A reminder to always remain vigilant of ‘phishing’ emails and messages.
We recently received a report of a scam email sent to a student. It appeared to be from a senior member of University staff, but it was actually sent from a non-University email address. In this case, the real email address was visible when hovering the mouse over the displayed sender details.
This email said “I want you to handle a short but urgent task for me, Reply with your WhatsApp number and look forward to my message. Kind Regards.”
This is a typical characteristic of some scams, where the recipient is led to respond to something urgently, before having chance to think about what they are being asked to do. Such techniques are used by scammers to mislead people into spending significant amounts of money on online services or vouchers (which are difficult to trace).
No member of staff will ever make a request like this.
While we have filters in place to block unwanted and malicious email, some of these messages do get through occasionally. We are continually improving the University’s junk mail filtering service.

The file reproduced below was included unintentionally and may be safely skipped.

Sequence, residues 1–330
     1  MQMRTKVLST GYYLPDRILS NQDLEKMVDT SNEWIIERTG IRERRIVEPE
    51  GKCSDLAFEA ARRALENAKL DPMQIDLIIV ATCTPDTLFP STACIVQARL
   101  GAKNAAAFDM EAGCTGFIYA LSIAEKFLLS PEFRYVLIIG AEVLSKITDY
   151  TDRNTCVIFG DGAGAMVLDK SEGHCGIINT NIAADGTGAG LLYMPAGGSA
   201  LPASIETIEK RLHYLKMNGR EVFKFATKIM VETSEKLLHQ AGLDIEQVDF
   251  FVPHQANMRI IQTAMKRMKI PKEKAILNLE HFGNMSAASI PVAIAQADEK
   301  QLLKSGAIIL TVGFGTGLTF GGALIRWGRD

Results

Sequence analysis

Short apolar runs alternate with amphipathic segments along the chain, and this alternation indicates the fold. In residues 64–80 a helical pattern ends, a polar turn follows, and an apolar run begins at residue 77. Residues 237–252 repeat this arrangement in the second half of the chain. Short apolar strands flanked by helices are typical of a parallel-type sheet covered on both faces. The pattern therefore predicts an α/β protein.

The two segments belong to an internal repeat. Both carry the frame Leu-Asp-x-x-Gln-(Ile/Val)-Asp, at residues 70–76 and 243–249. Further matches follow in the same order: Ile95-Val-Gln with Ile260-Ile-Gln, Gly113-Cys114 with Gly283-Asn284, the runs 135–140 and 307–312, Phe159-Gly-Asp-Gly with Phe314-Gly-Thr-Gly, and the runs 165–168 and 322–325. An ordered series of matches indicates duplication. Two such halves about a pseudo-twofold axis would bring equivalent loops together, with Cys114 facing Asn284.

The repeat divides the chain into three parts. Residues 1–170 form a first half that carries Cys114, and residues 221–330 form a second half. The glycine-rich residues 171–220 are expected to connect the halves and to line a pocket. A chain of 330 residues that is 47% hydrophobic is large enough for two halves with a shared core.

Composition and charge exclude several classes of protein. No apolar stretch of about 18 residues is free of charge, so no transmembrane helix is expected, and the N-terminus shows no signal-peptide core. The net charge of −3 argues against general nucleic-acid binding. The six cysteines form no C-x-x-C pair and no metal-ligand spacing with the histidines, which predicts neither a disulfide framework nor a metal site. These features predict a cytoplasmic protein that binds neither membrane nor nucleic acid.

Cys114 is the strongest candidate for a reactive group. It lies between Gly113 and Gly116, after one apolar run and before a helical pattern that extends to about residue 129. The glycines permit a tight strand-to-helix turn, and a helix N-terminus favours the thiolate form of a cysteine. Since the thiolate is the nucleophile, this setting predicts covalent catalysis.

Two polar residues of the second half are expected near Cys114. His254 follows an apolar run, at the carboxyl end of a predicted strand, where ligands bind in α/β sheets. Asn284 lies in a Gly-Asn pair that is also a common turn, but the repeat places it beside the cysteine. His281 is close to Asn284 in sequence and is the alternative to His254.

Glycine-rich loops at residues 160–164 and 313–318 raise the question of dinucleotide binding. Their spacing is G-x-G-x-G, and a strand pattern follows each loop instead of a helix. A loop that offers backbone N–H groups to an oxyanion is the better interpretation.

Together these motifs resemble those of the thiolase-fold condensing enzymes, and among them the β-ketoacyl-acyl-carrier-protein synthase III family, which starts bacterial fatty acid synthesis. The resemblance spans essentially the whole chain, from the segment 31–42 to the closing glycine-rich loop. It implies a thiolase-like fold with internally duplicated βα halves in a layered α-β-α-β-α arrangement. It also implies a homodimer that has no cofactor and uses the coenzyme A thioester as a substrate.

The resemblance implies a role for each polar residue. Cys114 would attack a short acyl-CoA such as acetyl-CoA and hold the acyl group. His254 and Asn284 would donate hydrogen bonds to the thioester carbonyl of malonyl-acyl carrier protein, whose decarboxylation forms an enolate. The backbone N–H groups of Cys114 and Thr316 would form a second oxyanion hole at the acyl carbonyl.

What is phishing?
Phishing messages are emails that try to trick people in to giving out personal information or visiting fake websites. Responding to a phishing attack can:
- Release your personal details to someone who may use them fraudulently,
- Cause financial loss,
- Expose your passwords, meaning that someone else may be able to access your emails, documents, social media sites and other online resources, and may be able to delete files or send malicious messages from your account,
- Encrypt your files and folders, demanding that a ‘ransom’ fee is paid to get them back,
- Stop a computer from working completely,
- Infect other systems and networks.
- If you receive a phishing email, report it as soon as possible.
- If you have any concerns at all about the safety of your University IT account, please contact the IT Support Centre immediately. Please use the 24/7 phone line (0161 306 5544) where possible.
- If you have told anyone else your password, you must change it immediately using the IT Account Manager at https://iam.manchester.ac.uk/. The only person who should know your password is you.
- Even if you’re not sure about an email – contact the IT Support Centre; we want you to be safe. If it just doesn’t look right, we want to know.
- Report fraud to the ActionFraud police site.